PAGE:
The connecting element may be provided with at least one recess in its circumferential surface. This recess may be configured as a circular recess formed in the circumferential surface in a special embodiment.
According to the invention, to make it easier to pass the cable assembly through the cable guide, the connecting element and the spring element may be protected by a protective element that is removal positioned at the free end of the communication cable.
According to the invention, the communication connector may include at least one sleeve that is positioned at (e.g., provided around) the connecting element for use in the final assembly of the cable assembly.
To facilitate the final assembly at the end position, the sleeve may be made up of two or more sleeve elements to be positioned at (e.g., provided around) the connecting element.
In a specific embodiment, for example, the sleeve may be provided with first and second cams that are spaced apart from one another and that extend toward the connecting element, with the first cam engaging in the recess formed in the connecting element and the second cam engaging the spring element.
A good mechanical connection of the connecting element to the sleeve or sleeve elements is obtained in this way. In addition, compression of the connecting element (e.g., as a result of a force being exerted on the end face) can be absorbed by the compression of the spring element.
In another specific embodiment, the second cam mates with a cam present on the retaining sleeve.
In order to absorb forces being exerted on the end face of the connecting element through compression of the spring element and movement of the sleeve, the length of the recess is typically greater than the length of the first cam as measured in the longitudinal direction of the cable.
The communication connector includes a connector housing positioned at the sleeve (e.g., around the sleeve) to facilitate further assembly operations.
According to the invention, to achieve proper retention and to prevent the connector housing from undesirably becoming detached from the sleeve, the connector housing includes a cam extending toward the sleeve. The cam engages in a recess formed in the outer circumference of the sleeve.
The maximum diameter of the cable assembly provided with the connecting element is typically between about 60 and 95 percent of the inner diameter of the cable guide and, more typically, between about 70 and 85 percent of the inner diameter of the cable guide.
In a further preferred embodiment, the maximum diameter of the cable assembly provided with the connecting element is less than 200 percent the diameter of the communication cable, and typically less than 150 percent the diameter of the communication cable (e.g., 120 percent or less).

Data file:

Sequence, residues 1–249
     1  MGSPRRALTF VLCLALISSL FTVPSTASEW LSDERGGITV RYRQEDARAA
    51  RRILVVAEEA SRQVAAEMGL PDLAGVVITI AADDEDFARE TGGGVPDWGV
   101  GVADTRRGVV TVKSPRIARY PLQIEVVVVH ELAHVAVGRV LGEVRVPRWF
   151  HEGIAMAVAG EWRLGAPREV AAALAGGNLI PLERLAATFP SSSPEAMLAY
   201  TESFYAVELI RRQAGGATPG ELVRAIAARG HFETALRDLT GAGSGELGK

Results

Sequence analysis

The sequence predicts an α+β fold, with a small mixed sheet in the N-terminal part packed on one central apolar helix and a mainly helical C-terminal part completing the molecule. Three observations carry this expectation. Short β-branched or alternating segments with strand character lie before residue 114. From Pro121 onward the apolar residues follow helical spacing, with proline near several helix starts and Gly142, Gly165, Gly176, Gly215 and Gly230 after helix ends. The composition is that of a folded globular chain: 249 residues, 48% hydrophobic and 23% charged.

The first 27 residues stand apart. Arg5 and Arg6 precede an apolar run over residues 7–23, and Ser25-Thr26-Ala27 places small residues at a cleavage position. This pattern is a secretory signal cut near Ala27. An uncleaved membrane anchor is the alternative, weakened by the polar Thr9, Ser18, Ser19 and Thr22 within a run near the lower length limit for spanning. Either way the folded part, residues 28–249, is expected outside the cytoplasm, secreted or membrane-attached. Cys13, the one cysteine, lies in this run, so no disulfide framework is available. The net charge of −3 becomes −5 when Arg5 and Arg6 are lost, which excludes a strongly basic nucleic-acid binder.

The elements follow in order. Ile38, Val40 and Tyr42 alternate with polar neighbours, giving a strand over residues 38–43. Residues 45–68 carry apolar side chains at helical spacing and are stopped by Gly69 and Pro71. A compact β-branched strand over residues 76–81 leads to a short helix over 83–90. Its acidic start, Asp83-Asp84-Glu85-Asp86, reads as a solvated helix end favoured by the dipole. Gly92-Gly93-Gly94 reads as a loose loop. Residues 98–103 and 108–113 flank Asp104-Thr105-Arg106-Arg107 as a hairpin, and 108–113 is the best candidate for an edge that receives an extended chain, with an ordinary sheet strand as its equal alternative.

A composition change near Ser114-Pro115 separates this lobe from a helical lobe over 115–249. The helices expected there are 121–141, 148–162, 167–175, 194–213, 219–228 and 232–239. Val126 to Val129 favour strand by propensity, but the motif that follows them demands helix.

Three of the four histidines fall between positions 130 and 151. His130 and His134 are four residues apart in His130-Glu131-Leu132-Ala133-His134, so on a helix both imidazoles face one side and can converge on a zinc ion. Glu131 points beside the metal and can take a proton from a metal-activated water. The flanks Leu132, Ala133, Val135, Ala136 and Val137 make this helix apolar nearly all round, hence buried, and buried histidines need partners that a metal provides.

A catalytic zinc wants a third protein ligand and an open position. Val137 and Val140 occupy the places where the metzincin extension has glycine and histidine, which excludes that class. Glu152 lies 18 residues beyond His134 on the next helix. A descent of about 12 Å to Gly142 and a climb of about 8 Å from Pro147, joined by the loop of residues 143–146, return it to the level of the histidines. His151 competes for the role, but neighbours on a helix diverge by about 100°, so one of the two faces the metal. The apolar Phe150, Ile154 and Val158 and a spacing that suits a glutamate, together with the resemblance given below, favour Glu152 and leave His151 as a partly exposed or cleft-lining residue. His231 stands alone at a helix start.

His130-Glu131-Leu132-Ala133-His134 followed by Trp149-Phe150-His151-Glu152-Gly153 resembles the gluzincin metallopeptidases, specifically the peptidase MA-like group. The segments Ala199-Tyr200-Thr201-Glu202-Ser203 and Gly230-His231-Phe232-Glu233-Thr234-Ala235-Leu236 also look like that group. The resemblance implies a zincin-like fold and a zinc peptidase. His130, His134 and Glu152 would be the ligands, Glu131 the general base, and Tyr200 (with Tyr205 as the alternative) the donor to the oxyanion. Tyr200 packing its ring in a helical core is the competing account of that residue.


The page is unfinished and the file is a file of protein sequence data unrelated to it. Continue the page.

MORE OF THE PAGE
The maximum diameter of the communication cable provided with the connecting element is less than or equal to the diameter of the cable assembly. To facilitate installation of the cable assembly, the diameter of the connecting element can match or be less than the diameter of the communication cable.
Furthermore, in other embodiments, the length of the connecting element is less than about ten times (10×) its maximum diameter, typically less than eight times (8×) its maximum diameter, and more typically less than six times (6×) its maximum diameter.
With the foregoing constructional dimensions, a proper and unhampered displacement of the cable assembly through the cable guide is possible even passing sharp bends in the cable guide.
The invention also relates to a device for collecting the front end of a cable assembly for communication purposes (i.e., a communication cable assembly) that includes a communication cable having a first free end (i.e., a free, front end). The communication cable may be passed through a cable guide from a starting position to an end position via its free, front end. According to the invention, the device includes an enclosure to be positioned at the end position of the cable guide, the enclosure being provided with one or more ventilation openings.
This facilitates the collection of the free, front end of the communication cable assembly when it is guided through the cable guide with the aid of a transfer medium (e.g., gas or liquid). More particularly, the enclosure is configured as a tube-shaped element having a first and second open end, wherein the first open end is provided with a collar-shaped clamp for coupling with the end position of the cable guide. This allows a quick and secure coupling and uncoupling of the device to the cable guide at the premises of the end user (i.e., where the cable assembly is to be installed).